Last night, American Hustle won the BAFTA for Best Original Screenplay and that got me thinking: “How the hell did American Hustle win the BAFTA for Best Original Screenplay?” I’ve also been contemplating “Why is American Hustle nominated for Best Director at so many awards shows, including yesterday’s BAFTAs and the upcoming Oscars?” They’re questions I can’t really fathom an answer to because, as far as I can recall, it wasn’t a very good film, and the main aspects that let it down were the direction and the script. Continue reading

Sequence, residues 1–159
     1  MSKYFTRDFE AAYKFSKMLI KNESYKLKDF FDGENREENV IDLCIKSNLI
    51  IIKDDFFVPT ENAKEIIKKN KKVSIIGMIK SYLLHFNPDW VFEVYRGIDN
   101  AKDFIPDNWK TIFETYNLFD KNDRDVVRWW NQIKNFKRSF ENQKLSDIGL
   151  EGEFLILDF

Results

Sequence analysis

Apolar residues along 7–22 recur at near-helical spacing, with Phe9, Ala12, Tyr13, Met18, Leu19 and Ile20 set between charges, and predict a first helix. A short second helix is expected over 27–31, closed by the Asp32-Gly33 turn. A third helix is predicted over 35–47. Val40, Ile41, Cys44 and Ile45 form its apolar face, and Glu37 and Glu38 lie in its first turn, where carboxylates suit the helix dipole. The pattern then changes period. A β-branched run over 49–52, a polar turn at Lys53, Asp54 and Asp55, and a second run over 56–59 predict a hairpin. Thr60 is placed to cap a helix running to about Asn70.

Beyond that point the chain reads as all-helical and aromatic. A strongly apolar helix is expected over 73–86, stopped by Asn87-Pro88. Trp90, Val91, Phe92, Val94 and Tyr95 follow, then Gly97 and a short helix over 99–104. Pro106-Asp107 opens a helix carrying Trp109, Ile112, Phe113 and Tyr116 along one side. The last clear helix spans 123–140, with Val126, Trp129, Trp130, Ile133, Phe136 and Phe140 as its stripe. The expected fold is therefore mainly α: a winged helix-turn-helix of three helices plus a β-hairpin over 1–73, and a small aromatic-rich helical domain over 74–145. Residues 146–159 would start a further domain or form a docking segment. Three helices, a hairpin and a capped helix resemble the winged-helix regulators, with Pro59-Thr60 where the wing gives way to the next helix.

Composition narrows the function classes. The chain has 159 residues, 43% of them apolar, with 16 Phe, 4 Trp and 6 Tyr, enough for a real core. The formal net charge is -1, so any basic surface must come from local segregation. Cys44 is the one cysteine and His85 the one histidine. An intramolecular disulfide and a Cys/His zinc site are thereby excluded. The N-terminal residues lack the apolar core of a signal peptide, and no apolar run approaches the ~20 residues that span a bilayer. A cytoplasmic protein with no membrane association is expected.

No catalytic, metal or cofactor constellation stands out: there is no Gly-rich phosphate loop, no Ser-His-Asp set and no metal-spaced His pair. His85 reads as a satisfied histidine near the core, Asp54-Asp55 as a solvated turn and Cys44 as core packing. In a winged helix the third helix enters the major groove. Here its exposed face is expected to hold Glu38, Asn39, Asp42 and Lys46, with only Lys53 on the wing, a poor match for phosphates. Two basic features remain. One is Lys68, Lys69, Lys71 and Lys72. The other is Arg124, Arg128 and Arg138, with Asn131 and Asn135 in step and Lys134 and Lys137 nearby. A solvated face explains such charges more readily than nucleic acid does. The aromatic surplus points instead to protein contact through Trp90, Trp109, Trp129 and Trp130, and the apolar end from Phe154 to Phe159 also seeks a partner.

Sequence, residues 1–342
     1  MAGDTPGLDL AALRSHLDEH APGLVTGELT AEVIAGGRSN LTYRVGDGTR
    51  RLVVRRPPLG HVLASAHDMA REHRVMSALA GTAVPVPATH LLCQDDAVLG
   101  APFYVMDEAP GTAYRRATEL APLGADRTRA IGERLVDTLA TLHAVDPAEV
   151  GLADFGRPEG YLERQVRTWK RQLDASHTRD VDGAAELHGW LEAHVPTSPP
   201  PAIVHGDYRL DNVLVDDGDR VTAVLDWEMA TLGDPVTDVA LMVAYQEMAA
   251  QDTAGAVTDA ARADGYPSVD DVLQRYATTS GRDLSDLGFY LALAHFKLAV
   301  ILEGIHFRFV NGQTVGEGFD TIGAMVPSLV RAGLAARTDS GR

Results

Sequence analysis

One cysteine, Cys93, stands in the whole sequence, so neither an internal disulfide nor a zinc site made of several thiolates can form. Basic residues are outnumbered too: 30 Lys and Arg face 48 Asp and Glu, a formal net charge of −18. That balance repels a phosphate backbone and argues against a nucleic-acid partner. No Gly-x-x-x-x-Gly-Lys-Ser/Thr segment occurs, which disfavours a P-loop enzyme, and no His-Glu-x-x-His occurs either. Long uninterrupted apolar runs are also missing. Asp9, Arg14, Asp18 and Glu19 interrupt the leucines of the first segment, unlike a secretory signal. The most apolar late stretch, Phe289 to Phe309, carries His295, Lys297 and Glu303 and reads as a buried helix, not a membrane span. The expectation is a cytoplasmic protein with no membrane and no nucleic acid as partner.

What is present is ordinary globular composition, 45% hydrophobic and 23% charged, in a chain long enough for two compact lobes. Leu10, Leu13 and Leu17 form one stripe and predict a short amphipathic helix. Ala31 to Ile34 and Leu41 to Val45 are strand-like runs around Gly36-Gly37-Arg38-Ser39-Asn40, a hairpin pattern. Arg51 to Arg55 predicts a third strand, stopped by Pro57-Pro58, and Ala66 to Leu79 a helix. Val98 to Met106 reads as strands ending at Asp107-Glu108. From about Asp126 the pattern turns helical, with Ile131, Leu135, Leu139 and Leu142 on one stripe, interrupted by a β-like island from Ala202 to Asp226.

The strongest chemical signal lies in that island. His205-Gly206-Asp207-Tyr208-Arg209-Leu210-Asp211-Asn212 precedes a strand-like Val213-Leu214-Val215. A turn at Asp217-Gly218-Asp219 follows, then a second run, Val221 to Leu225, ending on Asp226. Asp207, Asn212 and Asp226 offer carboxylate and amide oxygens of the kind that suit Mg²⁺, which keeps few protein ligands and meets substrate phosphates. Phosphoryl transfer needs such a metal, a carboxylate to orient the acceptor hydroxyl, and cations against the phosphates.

Fittingly, The Prestige is a trick of a movie, a plaything, director Chris Nolan toying with the audience like a cat with a ball of string. Everything, from character motivation to the narrative timeline is entangled for the audience to figure out, as the tale of two rival magicians, Hugh Jackman and Christian Bale, unfolds. Jackman’s Robert Angier is a showman, but lacks the skill of Bale’s Alfred Borden, himself too concerned with the technicalities of the illusions to be entertaining. Hell, even the film’s genre, seemingly a period drama, reveals itself to be more science fiction who-dunnit (not to mention what-dun-and-how). Nothing is as it seems, but on a repeat viewing you pick up the clues, noticing that Nolan did indeed signpost the way, but the plot, characters, setting and acting was too mesmerising, too engrossing for us to notice.